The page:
Lovecraftian horror is a tricky genre to nail down. The creeping sense of dread, of being locked in the throes of insanity, has to have some basis in your own imagination—giving it form or name often softens the scares. The Infectious Madness of Doctor Dekker, which hit Steam last week, is a slow burn. It’s not…
I need your help. Yes, you. I can’t figure out who drew this futuristic picture of two astronauts sometime in the 1960s. And it’s driving me nuts.
Among the (many) mysteries surrounding the gigantic black holes that live at the center of galaxies is just how they managed to get so big, so fast. Finally, scientists have come up with an explanation for their improbably large existence.
Just what the hell was that sonic boom everyone heard in New York and New Jersey this afternoon? Nobody has come forward to claim responsibility for the audible anomaly. UPDATE: It’s probably from the Navy. See details below.
This time of year, nothing goes better with too much eggnog than grim tales of murder. (That’s how we roll at True Crime, anyway.) The first in our series takes place in 1929, on a farm outside Germanton, North Carolina—where on Christmas Day, Charlie Lawson murdered his family before taking his own life.
Everyone loves a good mystery. They even loved mysteries five hundred years ago. It’s just that, then, a “mystery” was nothing like the mysteries we devour today. Learn what the original mysteries were.
June 18, 1934 was a typical day at Brighton Railway Station — except for a fetid odor emanating from an unclaimed trunk in the cloakroom. An attendant alerted the police; when they broke it open, they found a woman’s torso, wrapped like a macabre parcel. She was five months pregnant.
Beyoncé recently wore a gold link Apple Watch at Coachella— but it’s not one of the Apple Watch bracelets available to buy, at least not yet. Elderly Draco Malfoy impersonator Karl Lagerfeld also had his wrist photographed clad in this mysterious gold link Apple Watch.
What makes a mysterious disappearance even more intriguing? When baffling clues are left behind — or even more tantalizingly, when they surface again, months or years after the fact. Here are eight head-scratchingly compelling tales of people who vanished... and the weirdest theories they spawned.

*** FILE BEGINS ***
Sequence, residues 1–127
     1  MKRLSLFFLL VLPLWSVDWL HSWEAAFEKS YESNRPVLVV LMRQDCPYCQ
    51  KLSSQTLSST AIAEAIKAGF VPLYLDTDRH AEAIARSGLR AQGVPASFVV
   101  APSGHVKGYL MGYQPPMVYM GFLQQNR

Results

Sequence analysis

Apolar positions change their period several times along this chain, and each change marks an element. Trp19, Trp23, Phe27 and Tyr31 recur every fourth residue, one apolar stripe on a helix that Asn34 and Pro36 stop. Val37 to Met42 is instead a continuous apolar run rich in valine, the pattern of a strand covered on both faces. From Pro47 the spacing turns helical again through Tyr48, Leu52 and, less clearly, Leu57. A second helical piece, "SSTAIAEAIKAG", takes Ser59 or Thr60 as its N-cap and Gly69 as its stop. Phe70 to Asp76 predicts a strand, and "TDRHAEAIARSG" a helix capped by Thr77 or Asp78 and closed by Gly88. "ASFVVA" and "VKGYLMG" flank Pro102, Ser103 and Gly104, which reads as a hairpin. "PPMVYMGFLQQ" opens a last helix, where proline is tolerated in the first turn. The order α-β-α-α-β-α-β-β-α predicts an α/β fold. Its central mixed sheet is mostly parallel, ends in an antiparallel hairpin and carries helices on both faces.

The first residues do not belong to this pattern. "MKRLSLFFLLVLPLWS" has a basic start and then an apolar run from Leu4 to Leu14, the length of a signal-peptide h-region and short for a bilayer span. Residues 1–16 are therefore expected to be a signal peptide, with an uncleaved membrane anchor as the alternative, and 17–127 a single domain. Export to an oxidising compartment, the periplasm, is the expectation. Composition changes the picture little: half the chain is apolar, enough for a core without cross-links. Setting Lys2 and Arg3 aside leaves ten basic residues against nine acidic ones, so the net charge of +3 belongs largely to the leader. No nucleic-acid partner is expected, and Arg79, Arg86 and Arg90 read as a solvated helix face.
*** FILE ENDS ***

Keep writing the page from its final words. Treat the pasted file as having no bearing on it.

Over 150 seabirds have been injured by a "mystery substance" and 20 have died so far, according to the San Francisco Bay Area's International Bird Rescue center, which is currently working to clean and save as many as possible.
Now here is a short film that we're dying to see more of. Atropa wears its 1970s and 1980s scifi influences on its sleeve, capturing the feel of films like Blade Runner and Alien in a tale about a space detective who discovers a research ship that has gone missing — and the bizarre phenomenon linked to its…
Frankly, we're a little weary of Bigfoot and Nessie. What about those mysterious critters that don't have dedicated reality shows ... but are still integral, beloved, and/or feared parts of the communities in which they're said to dwell? Here are 9 wonderfully weird, staunchly local cryptozoological creatures.
When the merchant ship Mary Celeste set sail from New York on November 7, 1872, all signs pointed to an uneventful journey. When it was discovered just under a month later — completely abandoned, yet still in seaworthy condition, and with personal effects from its missing crew intact — it quickly entered maritime lore.
The Siberian Times just published these new amazing pictures of an expedition of scientist who descended inside the mysterious crater on the Yamal Peninsula, northern Siberia. They are collecting data because its origin remains a mystery but, believe it or not, there may be a Bermuda Triangle connection.
Anyone who likes twisting, turning narratives, science fiction thought experiments, or films that explore the nature of identity absolutely must take 15 minutes out of their day for this short film. A man wakes to find he's a lab rat in a bizarre experiment—and he's not the only one of him there.
Marine biologists from the University of Copenhagen have discovered two new species that "defy all existing classifications of life." They are rather cute and pretty—like some monsters from a Mario Bros. game.
The International Space Station's CubeSat cannon has gone rogue, independently firing two more of PlanetLab's DOVES microsatellites. Even better? It's sneaky: no astronauts, ground crew, or cameras saw the inadvertent deployment.
On a dried-up lake bed in Death Valley are dozens of rocks that have puzzled us for decades. The rocks have each left a dusty trail, evidence of some unknown force propelling them forward. Scientists have now finally observed the rocks moving and settled on an explanation: Thin ice and a gentle breeze.
This 16-foot-long metal cylinder of unknown origin recently washed up in a Siberian village following severe flooding. Nobody knows where it came from but Aleksey Yaskin, a professor of aerospace engineering at Biysk Technology University, told Reuters that it may be the first stage of a rocket.
It wasn’t the Kraken. It wasn’t Godzilla. And it wasn’t even a rabid killer whale. The mysterious animal that had killed and eaten the 9-foot great white shark and had stumped scientists turned out to be a super predator feared by even apex predators like the great white shark. So what was it?